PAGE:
Being raised on a farm I learned that when things could not be readily purchased, either unavailable or simply too expensive, then you made it or modified something else to do the job. You did so by using resources on hand – fencing wire being an all-time favourite fall-back. So anyway, I tend to be a DIY tight arse (no comment -Ed).
Most muzzleloading shooters make at least some of their own shooting and camping gear. Then there are those that “will one day” make those moccasins or powder horn etc. With this brief treatise I hope to encourage the “will one day” person and maybe give a few ideas to those already crafting their own gear (OK, I’m encouraged -Ed).
Before we can make anything we need some tools. Some folk think that you need expensive fancy power tools to create craftwork masterpieces – nothing can be further from the truth. Just look around at any antiques, most were crafted with only hand tools while any “power” tools that they did have were mainly foot or hand powered. Whereas factory produced products may have employed water or steam power.
Begin by acquiring a few basic tools and only buy what you need or can use. Look around for quality tools which will stay sharp longer and won’t break easily rather than buying cheap inferior junk. To keep costs down I mostly buy second-hand tools at flea markets, junk shops, garage sales etc. Most hand tools found this way are of better quality as junky tools of their era would normally have been trashed years ago.
Older tools, which pre-date modern plastics, have wooden handles and are made of carbon steel which holds an edge better and can be heat treated. Let’s face it – a 60+ year old carbon steel wooden handled chisel or screwdriver (turn screw, if you must) made here in Australia, England or the USA looks far better and lasts much longer than the plastic-handled cheapies churned out of Asia.
The one power tool I feel you should have is an electric drill. Of course a hand drill will suffice however a fine quality hand drill is probably dearer than most reasonably priced electric drills these days.
Another way to acquire tools is to make your own – wooden mallets, soft face hammers, scrapers, knives, scribers, straight edge and inletting chisels, wad punches – all these and more can be made by using scrap wood, old files, old hacksaw or cross-cut saw blades, scrap steel and brass etc. You might make a particular tool for a one-of specific task, whilst others will satisfy numerous jobs and last for many years.
Next, I’ll talk about materials and fasteners, meanwhile – watch yer topknot! Ian Convey
Club Calendar – Don’t ya wanna have fun no more?
- July 9th
- The 22nd Eureka Arms and Militaria Fair at Ballarat. Saturday one day only from 9am until 3.30pm the Council of Muzzleloaders representing the Free Trappers, Seymour Black Powder Club and Western Districts Muzzleloaders will attend a promotional display table. Adult entry $7, free if you wear complete Trapper/Longhunter outfit.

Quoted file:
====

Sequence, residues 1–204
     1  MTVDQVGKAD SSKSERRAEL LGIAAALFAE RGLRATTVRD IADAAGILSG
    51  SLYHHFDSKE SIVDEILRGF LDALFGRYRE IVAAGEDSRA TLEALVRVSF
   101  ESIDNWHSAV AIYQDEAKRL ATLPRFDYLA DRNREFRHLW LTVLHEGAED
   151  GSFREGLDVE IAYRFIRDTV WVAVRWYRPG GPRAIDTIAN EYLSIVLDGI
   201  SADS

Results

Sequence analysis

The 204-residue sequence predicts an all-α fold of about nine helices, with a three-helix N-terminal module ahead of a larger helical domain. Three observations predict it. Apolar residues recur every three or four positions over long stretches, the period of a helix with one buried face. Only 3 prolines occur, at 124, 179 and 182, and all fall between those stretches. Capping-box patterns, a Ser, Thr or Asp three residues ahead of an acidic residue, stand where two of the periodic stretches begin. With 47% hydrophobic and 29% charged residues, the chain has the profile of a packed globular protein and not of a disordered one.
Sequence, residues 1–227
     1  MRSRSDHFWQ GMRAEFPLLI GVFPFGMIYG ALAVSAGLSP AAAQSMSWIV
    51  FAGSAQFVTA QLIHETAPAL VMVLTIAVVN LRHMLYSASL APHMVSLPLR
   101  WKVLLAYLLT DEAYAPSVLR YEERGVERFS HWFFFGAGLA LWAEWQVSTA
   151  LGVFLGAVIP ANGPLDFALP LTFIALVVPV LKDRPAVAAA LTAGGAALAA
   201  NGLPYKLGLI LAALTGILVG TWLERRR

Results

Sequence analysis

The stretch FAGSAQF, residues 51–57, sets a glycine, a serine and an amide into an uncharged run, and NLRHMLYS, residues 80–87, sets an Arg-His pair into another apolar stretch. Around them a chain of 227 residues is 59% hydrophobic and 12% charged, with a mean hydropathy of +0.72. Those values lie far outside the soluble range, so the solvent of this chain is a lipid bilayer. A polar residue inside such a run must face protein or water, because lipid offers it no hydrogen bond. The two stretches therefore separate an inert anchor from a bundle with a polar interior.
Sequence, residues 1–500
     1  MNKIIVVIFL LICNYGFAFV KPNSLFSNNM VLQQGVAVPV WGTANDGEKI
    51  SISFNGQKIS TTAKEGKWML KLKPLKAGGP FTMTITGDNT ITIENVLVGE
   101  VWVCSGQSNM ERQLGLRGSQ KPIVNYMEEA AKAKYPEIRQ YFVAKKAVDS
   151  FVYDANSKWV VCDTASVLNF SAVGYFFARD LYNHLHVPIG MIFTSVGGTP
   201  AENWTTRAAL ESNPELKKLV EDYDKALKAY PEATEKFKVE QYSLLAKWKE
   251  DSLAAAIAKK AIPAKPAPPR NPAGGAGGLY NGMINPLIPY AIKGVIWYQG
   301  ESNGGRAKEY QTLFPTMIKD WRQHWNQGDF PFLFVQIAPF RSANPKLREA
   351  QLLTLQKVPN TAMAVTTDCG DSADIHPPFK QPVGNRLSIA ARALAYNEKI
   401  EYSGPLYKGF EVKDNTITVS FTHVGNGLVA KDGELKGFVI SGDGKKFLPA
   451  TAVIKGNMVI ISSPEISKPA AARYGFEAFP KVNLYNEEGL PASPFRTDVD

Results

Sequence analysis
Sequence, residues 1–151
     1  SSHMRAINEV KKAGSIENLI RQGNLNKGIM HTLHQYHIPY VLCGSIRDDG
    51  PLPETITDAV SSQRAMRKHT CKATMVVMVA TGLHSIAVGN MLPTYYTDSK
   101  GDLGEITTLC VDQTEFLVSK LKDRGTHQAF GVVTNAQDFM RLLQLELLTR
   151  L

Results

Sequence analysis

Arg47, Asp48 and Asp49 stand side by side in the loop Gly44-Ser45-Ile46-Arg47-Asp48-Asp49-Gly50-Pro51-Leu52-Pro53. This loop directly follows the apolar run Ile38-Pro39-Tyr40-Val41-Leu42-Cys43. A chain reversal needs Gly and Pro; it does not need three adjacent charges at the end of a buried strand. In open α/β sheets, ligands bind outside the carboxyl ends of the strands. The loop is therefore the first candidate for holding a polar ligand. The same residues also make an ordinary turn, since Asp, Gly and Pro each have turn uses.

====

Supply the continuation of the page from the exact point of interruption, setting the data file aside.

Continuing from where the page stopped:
- August 6th & 7th
- Leap into the future at Beechworth’s Ned Kelly Festival. Shuck off those pre-1840 duds and embrace time travel into the 1870’s and 80’s. Join all the fun at historic Beechworth and camp over on the Police paddocks right behind the Courthouse where the wounded Ned will re-hear the charges against him. Streets of period style tents planned. Be in the thick of the weekend’s re-enactment festivities and country fair. Contact Bob Ellis for further details.
- September 16th – 19th
- Our traditional Spring Rendezvous weekend extended from Friday 16th through to Monday 19th. Arrive early to be assured of a place in the Mountain Man hunt. – Where? – Why, Beaver Creek at Whorouly, of course!
- November 5th & 6th
- Time Line Festival at the Old Cheese Factory, Berwick. A weekend display camp in the heart of Melbourne’s eastern suburbia. Your chance to show them Flatlanders what Longhunter and Mountain Man fun is all about.
Victorian Anti Duck Hunting Protestor found Guilty
Field & Game Australia Inc. following up on previous front page media reports of a female injured in the face by several shot pellets on Opening morning, provided us the latest outcome on that incident.
A female anti-hunting protestor has been found guilty in the Magistrates Court at Morwell (6/6/2011) on the following charges;
- Entering into the water of a specified hunting area before 10.00am.
- Hindering five hunters.
- Using noise producing equipment in a State Game Reserve to the unreasonable inconvenience of another person (annoying hunters by blowing whistles).
The offences occurred on the opening day of the 2010 season at Dowd’s Morass State Game Reserve near Sale. The protestor was found guilty on all 3 charges and fined $750 and ordered to pay court costs of over $120, she now has a criminal record.
This is the first time that a person has been found guilty of hindering a hunter under 58 E of the Wildlife Act 1975 and sends a strong message to those who choose to break the human safety legislation.